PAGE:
Q: Do you think it's too soon for dramatic interpretation of the events?

Robbins: I agree. It's too early to gain enough perspective before a metaphorical piece [can be developed].


Q: You have a reputation as being a politically active couple? What are American's views on the War on Terror and the events following September 11?

Sarandon: I think we're still trying to define who the enemy is. The Government is separate from the people. A lot of questions are being asked and they [the Government] need more information. I don't know that they have a lot of global perspective. You can't typify the American people. It's changing day by day.


In The Guys you are A-list Hollywood actors playing working class heroes. Is that part of its appeal?

Robbins: It's why we live in NY. We're trying to get away from the Cult of Celebrity. It's a more honest place to live.

Sarandon: First thing I said to my kids was "we've joined the rest of the world now". [Britons] are accustomed to terrorism.

Now obviously I've selected the ones which caught my eye. The conference contains a lot more stuff, most of it not extraordinarily foolish for an interview with major actors. But I don't think I have manufactured the oblivious hypocrisy of these people: It's wrong to exploit such a tragedy, except when it isn't. Except when it's us, because we're trying to place things in a bit of perspective. Of course it's too soon for perspective...

Note that they cling to the fantasy---many bloggers would call it a leftist fantasy, but I won't, because I've seen right-wingers use it often enough---of separating the government from the people. Since the government isn't following our wishes, it can't be following the wishes of The People.

Oh, and New York being a "more honest" place to live. Whatever "honest" means in this context, I'm sure that it describes much of New York. But living in New York will not turn tailored silk slacks into cheap blue jeans, you overpaid cretins. And I haven't a clue what question Sarandon thinks she's answering here. Does terrorism make you working class?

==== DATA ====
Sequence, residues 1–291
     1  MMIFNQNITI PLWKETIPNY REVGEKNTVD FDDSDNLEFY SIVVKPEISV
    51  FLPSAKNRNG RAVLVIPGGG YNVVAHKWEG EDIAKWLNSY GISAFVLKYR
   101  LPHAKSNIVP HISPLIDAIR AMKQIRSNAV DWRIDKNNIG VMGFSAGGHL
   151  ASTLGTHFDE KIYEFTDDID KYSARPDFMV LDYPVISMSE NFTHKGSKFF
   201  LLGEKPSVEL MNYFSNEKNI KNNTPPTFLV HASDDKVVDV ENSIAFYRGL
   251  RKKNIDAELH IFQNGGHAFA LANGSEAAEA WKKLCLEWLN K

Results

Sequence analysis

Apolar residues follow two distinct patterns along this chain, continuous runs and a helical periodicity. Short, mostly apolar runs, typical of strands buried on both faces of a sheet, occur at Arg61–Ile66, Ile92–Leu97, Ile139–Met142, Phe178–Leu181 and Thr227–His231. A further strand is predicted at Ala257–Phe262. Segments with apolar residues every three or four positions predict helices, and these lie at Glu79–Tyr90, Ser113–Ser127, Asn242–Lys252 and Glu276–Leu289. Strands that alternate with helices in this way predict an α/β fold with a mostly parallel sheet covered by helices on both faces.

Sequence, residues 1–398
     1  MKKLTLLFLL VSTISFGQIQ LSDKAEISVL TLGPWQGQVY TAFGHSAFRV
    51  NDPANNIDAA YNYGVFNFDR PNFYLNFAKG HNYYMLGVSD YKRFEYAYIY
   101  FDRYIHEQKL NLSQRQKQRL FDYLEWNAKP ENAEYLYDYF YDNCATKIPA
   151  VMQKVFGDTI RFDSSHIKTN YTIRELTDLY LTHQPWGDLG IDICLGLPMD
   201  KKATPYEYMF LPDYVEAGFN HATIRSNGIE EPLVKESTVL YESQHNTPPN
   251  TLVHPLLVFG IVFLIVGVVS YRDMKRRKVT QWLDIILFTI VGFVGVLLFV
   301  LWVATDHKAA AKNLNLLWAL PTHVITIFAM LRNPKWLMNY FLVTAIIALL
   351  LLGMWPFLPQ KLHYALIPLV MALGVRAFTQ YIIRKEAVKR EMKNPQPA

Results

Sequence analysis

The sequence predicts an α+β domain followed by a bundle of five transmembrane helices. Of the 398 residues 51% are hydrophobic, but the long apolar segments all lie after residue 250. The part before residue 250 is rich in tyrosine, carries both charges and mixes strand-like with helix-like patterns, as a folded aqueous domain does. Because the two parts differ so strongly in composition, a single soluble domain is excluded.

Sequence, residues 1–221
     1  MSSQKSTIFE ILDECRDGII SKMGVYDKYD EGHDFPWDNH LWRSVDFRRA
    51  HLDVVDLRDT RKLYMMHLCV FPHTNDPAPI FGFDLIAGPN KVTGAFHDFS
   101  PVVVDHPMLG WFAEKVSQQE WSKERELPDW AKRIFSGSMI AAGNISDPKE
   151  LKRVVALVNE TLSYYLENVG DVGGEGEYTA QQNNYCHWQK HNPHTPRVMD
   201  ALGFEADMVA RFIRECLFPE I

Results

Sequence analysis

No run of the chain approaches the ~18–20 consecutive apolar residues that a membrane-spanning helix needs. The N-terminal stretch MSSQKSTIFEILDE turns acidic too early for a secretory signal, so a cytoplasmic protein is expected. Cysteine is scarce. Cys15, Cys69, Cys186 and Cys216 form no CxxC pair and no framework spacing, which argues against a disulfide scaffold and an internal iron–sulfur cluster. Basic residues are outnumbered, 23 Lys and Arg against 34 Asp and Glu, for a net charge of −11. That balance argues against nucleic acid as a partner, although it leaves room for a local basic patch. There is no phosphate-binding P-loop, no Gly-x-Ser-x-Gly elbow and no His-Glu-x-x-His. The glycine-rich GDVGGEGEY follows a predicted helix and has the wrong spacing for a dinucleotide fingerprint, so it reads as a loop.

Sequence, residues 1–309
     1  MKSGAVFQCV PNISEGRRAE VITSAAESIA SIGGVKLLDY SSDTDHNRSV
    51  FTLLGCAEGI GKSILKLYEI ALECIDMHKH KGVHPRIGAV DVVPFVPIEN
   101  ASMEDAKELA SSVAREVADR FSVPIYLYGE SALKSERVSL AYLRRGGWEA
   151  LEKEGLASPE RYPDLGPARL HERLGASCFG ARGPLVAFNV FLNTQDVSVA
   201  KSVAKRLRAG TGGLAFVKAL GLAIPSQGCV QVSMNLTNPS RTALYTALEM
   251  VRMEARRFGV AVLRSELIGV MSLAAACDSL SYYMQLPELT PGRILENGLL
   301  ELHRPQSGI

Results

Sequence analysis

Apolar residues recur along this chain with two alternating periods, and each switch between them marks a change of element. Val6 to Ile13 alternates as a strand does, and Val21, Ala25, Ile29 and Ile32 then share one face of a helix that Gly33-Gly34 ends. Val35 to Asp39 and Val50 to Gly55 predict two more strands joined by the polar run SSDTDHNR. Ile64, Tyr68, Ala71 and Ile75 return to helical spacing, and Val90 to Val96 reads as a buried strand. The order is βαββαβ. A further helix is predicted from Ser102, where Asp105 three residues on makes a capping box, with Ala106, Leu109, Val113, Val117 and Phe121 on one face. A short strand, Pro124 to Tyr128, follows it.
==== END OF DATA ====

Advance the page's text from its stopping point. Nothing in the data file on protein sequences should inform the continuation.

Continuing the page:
NOTE: I did some digging on this topic, and the only service to quote the "you're so lucky" remark was Ananova. Quite a few organizations had quotes from the press conference, including the Festival's official site, mentioned above. While the Ananova article quotes some of the reponses from the press conference, the "lucky" remark is unique to them. Where did they hear it?

Just when I am ready to mentally cast Sarandon and Robbins into the outermost pit of Hell, however, the Guardian comes to the rescue, by being even more obnoxious. Here the Guardian's Michael Billington sniffs that "The Guys" was "politically naive" because Sarandon's character (a journalist) does not lecture Robbins's character (a grieving fireman, remember) on the root causes of September 11. Well done, Guardian! Whenever I think we've hit bottom, you always show up with a shovel.

Ananova report via Tim Blair. Unfortunately, Blogspot is doing something peculiar today, by redirecting links to a non-existent archive page for some blogs. Hawkgirl and I aren't affected. It might have something to do with the way archives are handled. (Mine are handled stupidly, and I've been meaning to fix them.)

Of course, if you aren't reading this, you know I've been affected too.